Okay, I first have to admit to a bizarre little habit—a curious tic in my nature that probably stems from the compulsivity of my Asperger’s. But every evening I absolutely have to look at Wikipedia on my iPhone or iPad and see what the featured article is. And maybe two-thirds of the articles are anything interesting and I’ll skim the provided snippet. Less than half of those are so interesting that I bother to click over to the full article. But every now and then one comes up and I just go, “Huh.”
Tonight’s is about a Nature Fakers controversy from the late 1800s to early 1900s. I had never heard of this, and I have to say I find it both strange and intriguing that there was a six-year fight in open media (newspapers) about it. Basically it had to do with the romanticization of wildlife and nature in popular literature at the time. Some actual naturalists didn’t like all the stories about the friendly grizzly bears or whatever. So they denounced the stories, and then the authors and their fans fought back, and then Teddy Roosevelt got involved . . . Seriously. You can read all about it.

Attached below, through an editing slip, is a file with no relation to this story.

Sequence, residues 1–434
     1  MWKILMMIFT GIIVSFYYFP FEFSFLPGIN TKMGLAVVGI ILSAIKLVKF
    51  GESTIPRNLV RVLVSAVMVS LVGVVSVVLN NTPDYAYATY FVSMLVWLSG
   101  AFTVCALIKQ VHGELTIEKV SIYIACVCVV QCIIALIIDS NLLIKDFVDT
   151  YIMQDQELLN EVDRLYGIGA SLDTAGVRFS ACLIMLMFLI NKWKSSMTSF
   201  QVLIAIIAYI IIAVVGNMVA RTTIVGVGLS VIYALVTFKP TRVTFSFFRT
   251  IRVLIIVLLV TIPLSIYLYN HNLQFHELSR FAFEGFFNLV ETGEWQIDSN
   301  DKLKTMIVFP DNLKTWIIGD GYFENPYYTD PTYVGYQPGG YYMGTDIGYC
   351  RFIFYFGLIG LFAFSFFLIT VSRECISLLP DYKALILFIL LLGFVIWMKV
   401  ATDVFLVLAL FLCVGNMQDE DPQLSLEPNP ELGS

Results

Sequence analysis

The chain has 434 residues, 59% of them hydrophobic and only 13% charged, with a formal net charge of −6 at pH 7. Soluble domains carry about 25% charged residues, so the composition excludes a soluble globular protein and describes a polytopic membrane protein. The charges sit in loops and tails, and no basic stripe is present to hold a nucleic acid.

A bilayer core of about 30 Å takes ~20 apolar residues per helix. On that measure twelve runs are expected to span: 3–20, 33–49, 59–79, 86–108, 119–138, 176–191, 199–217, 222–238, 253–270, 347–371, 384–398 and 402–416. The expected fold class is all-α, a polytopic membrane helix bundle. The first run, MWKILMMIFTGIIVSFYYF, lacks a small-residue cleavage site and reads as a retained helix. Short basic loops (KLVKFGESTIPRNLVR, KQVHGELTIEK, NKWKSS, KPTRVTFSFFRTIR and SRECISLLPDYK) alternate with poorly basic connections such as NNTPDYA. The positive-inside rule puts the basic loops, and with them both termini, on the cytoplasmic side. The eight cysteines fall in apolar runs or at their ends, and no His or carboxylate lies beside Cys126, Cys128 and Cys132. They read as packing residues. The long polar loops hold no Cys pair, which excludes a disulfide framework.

I suppose we still have open debates of this kind, usually in the form of dueling reviews and comments on blogs or whatever. And maybe the naturalists ended up doing themselves a disservice by getting readers interested in the books they were publicly arguing against. That’s how it works a lot of the time.
Still, there’s something to be said for keeping up with a nightly Wiki entry. Though you have to wonder who in the world sat down and said, “I need to write an entry about the Nature Fakers controversy. People need to know about that.”